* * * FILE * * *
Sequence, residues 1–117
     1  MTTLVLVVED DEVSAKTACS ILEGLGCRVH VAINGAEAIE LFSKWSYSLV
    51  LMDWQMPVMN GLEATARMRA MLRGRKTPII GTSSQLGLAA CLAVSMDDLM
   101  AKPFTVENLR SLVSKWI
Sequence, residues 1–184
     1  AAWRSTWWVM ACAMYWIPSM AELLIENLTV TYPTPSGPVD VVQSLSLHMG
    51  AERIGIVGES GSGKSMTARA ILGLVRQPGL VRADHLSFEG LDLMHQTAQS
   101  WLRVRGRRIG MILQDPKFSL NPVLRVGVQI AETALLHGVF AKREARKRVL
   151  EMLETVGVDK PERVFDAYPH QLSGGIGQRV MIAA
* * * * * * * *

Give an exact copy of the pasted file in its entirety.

Sequence, residues 1–117
     1  MTTLVLVVED DEVSAKTACS ILEGLGCRVH VAINGAEAIE LFSKWSYSLV
    51  LMDWQMPVMN GLEATARMRA MLRGRKTPII GTSSQLGLAA CLAVSMDDLM
   101  AKPFTVENLR SLVSKWI
Sequence, residues 1–184
     1  AAWRSTWWVM ACAMYWIPSM AELLIENLTV TYPTPSGPVD VVQSLSLHMG
    51  AERIGIVGES GSGKSMTARA ILGLVRQPGL VRADHLSFEG LDLMHQTAQS
   101  WLRVRGRRIG MILQDPKFSL NPVLRVGVQI AETALLHGVF AKREARKRVL
   151  EMLETVGVDK PERVFDAYPH QLSGGIGQRV MIAA